And now FoxNews, that bastion of equality, has declared that it's a happy happy day, because the new Hollywood comediennes "all combine funny bones with bangin’ bodies." "Hollywood doesn’t want a woman that is not sexually enticing like Rosie [O'Donnell]," they declare (I'm guessing Rosie's not a virgin anymore, so presumably she's sexually enticing to someone). But my favorite quote has to be this one:

"People are realizing that you don’t have to have a penis to tell a joke about one."

Because it is all about the penis, right?

Comments

( 6 comments — Leave a comment )
furious_mold
Oct. 20th, 2011 11:46 pm (UTC)
You know, when I was a lot younger (teen years) I really wanted to get into writing comedy for movies or television. A lot of people in my life around that time encouraged it, like teachers and friends I was brave enough to show my writing to when I wasn't off on some bad Goth poetry kick. I always heard, "You're really funny, Nicole. Keep it up." I can't really pinpoint exactly what happened to cause me to forget my dreams, but part of it had a lot to do with the sense that comedy was a boy's club and I felt like it wasn't going to change. I mean, I grew up in the 90's and got into the whole Riot Grrl tough punk rock chick thing, and in the end I still ended up feeling like it was worthless/impossible to pursue my dreams because the industry I had an interest in was so male dominated. When I was going to college, taking classes in film/TV writing never occurred to me. I could fucking kick myself for not remaining strong and determined.

I really hope something comes out of this for you.
hopita
Oct. 21st, 2011 03:32 pm (UTC)
I was bubbled the other way -- taking film/TV classes in college, it never occurred to me that the reason so few women's names were in the film credits as directors or cinematographers wasn't because there weren't trained and talented women in the industry, but rather because those jobs were only offered to men. If you watch Miss Representation, there's a section where Twilight director Catherine Hardwicke talks about the crap she went through to convince people to put money behind the original Twilight film, and the fact that she was thanked for her efforts by being told that the studio would prefer if men directed the sequels.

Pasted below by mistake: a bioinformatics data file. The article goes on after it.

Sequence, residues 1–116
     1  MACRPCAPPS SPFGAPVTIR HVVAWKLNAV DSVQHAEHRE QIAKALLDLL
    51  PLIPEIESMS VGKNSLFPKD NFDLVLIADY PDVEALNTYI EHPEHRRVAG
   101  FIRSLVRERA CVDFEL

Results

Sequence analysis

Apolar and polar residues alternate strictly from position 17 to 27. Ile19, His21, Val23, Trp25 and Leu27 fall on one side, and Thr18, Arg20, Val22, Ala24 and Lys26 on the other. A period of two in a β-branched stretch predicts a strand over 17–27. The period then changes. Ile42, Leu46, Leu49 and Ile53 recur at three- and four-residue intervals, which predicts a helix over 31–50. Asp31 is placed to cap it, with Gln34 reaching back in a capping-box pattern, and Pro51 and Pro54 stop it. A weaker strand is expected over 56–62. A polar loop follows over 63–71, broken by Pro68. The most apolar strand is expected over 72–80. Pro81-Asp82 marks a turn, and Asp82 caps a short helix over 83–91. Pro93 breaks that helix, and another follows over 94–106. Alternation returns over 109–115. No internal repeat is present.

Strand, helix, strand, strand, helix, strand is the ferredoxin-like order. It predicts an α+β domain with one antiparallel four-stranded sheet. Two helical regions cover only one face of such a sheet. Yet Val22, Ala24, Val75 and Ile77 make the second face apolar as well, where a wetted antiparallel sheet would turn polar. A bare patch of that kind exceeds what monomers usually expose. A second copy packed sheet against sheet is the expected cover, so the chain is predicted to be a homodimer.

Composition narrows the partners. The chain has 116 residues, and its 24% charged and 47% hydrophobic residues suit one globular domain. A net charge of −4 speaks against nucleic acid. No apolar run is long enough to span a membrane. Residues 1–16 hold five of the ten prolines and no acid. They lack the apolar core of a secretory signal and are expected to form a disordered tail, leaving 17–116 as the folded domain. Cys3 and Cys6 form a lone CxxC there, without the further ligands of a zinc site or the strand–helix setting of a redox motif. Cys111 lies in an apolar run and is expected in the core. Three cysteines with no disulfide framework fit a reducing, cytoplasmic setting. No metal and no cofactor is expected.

Randomly, I see that today is her birthday.
ratphooey
Oct. 21st, 2011 12:48 am (UTC)
Yarg.
bishopjoey
Oct. 21st, 2011 07:10 am (UTC)
Only tangentially related...
Is it a coincidence that I read this about two minutes after reading your post?
suewan
Oct. 22nd, 2011 09:01 am (UTC)
Sexual discrimination is also alive and well in the IT industry as I found out when I completed my degree in Computing back in 2006. It took me SIX months after getting a very good result on my degree. I went from one interview, got turned down for the job and then invited back for another job. I later found out the man they hired for the first interview I went for, actually had no work experience what-so-ever and a far poorer results on his degree than I did. He also got £6,000 more a year than me even though I had WAY more responsibilities than he did.

My second job as a technical support engineer I constantly had people asking to speak to another a male engineer rather me even though I was competely capable of resolving their issues! And my colleague was paid £3,000 more than me a year and didn't have a degree. Go figure.

When I got laid off (made redundant) for the second time, I stopped looking for jobs in IT...I was just too pig sick of poor pay despite busting my backside all time and all the breast jokes and sex jokes. Some men (not all) really don't see woman as humans at all.
suewan
Oct. 22nd, 2011 09:02 am (UTC)
Oops, I mean SIX months to get a job.
( 6 comments — Leave a comment )